In the hastily organized 1994 parliamentary elections the communists surprisingly achieved the highest party rating, while the main opposing party, the Movement, did not gain even a quarter of their earned[clarification needed] seats. The re-formed party of the CP(b)U, the Socialist Party of Ukraine, and its major ally, the Peasant Party of Ukraine, performed relatively strongly. About a third of the elected parliamentarians were not affiliated. The elections became a major fiasco of the Democratic forces in Ukraine. After the 1994 elections numerous independent political parties were elected to the Ukrainian parliament, leading to the formation of nine deputy groups and parliamentary factions: Communists, Socialists, Agrarians, Inter-regional Deputy Group (MDG), Unity, Center, Statehood, Reforms, and the Movement. The concept of a "situational majority" was first used during that convocation to form a parliamentary coalition. The ruling coalition in the parliament often included the Communist Party of Ukraine, the Socialist Party of Ukraine, Agrarians, MDG, and Unity.

Parties for oligarchs and clans (1994–2004)

During the Kuchma presidency (1994–2004) parties started to form around politicians who had achieved power; these parties were often a vehicle of Ukrainian oligarchs.[44][not specific enough to verify] Scholars defined several "Clans" in Ukrainian politics grouped around businessmen and politicians from particular Ukrainian mayor cities; the "Donetsk Clan" (Rinat Akhmetov, Viktor Yanukovych and Mykola Azarov), the "Dnipropetrovsk Clan" (Yulia Tymoshenko, Leonid Kuchma, Victor Pinchuk, Serhiy Tihipko and Pavlo Lazarenko), the "Kyiv Clan" (Viktor Medvedchuk and the Surkis brothers; this clan has also been linked to Zakarpattia) and the smaller "Kharkiv Clan".[45][46][47][48][49][22][50][51][52]

After the 2002 elections the Ukrainian parliament saw some consolidation of democratic political parties and the establishment of the main political camps in Ukraine: a coalition of nationally oriented deputies with the pro-European vector, a coalition of left-wing parties, and the pro-Russian parties coalition of the former Soviet nomenklatura. A major change took place during the Orange revolution when finally the two opposing political camps were established after the left-wing coalition split.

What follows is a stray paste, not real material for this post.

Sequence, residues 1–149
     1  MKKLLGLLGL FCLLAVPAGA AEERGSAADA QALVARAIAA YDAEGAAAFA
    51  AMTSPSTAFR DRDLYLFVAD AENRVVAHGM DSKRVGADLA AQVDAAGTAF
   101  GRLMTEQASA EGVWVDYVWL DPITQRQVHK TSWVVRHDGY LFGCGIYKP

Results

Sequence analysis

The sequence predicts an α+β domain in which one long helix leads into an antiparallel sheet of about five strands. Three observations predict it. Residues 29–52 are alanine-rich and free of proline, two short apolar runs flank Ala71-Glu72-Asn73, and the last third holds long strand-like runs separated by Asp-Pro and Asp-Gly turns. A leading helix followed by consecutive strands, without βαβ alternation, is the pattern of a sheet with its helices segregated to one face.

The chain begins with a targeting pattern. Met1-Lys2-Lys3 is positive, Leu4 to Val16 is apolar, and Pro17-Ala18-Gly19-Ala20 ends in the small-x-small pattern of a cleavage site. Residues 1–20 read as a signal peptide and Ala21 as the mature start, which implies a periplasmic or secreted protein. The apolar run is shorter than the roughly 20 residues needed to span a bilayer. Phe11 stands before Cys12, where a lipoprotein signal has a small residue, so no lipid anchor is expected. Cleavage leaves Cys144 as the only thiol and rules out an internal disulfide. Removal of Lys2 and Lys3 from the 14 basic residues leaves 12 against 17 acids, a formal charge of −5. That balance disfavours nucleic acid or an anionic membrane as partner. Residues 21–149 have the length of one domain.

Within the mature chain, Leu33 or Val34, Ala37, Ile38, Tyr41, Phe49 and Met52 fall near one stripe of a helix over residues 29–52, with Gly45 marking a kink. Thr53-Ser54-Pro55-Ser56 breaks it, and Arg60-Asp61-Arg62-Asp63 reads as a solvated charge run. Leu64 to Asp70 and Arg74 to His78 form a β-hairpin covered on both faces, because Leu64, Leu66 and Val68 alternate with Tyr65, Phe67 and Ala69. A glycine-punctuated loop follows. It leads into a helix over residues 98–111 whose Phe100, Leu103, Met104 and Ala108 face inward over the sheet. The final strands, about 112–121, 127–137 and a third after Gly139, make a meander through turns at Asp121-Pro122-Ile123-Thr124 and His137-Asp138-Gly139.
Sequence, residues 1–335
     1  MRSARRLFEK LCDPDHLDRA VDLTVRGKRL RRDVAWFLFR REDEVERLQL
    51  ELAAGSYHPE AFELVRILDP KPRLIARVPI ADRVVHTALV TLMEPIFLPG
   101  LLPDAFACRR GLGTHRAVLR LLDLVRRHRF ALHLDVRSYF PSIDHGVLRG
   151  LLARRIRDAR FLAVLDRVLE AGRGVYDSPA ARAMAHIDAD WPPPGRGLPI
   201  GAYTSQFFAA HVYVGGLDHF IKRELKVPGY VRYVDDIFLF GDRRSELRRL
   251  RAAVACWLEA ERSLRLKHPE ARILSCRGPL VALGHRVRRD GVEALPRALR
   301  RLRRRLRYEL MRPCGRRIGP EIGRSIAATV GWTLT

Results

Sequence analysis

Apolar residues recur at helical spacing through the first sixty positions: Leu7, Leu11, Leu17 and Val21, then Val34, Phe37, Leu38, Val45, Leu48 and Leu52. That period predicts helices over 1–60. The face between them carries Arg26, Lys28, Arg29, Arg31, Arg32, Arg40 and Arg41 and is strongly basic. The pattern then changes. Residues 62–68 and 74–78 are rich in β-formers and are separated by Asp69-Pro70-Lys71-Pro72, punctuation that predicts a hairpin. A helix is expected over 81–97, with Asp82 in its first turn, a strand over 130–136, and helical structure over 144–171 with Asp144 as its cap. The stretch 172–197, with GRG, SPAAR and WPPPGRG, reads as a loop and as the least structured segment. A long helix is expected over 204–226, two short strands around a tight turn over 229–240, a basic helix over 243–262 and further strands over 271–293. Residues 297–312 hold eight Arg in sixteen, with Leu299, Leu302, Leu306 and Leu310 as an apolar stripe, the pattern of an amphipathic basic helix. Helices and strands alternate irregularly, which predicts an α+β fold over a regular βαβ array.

Mergers and bans (2011–present)

On 17 November 2011 the Ukrainian Parliament approved an election law that banned the participation of blocs of political parties in parliamentary elections;[11] since then several parties have merged with other parties.[53][54][55] Strong Ukraine merged with the Party of Regions on 17 March 2012.[56] Front of Changes and former Our Ukraine Bloc and Bloc Yulia Tymoshenko members performed in the 2012 parliamentary elections under "umbrella" party Fatherland.[57][58][59][60][61] Front for Changes leader Yatsenyuk headed this election list; because Fatherland-leader Yulia Tymoshenko was imprisoned.[62][63]

On 15 June 2013 Reforms and Order Party and Front for Change merged into Fatherland.[64] A part of People’s Movement of Ukraine (including its former chairman Borys Tarasyuk[65]) also merged with Fatherland (the rest of this party had merged with Ukrainian People's Party in May 2013[66]).[67][68]

In preparation for the upcoming 2014 parliamentary elections, several ministers of the Fatherland party in the government of Arseniy Yatsenyuk moved to the new party People's Front, which elected as its party leader Arseniy Yatsenyuk on 10 September 2014.[69][70]

UDAR merged into the Petro Poroshenko Bloc on 28 August 2015[71] after in the 2014 parliamentary election, 30% of the Petro Poroshenko Bloc election list had been filled by members of UDAR (as non-partisan).[30]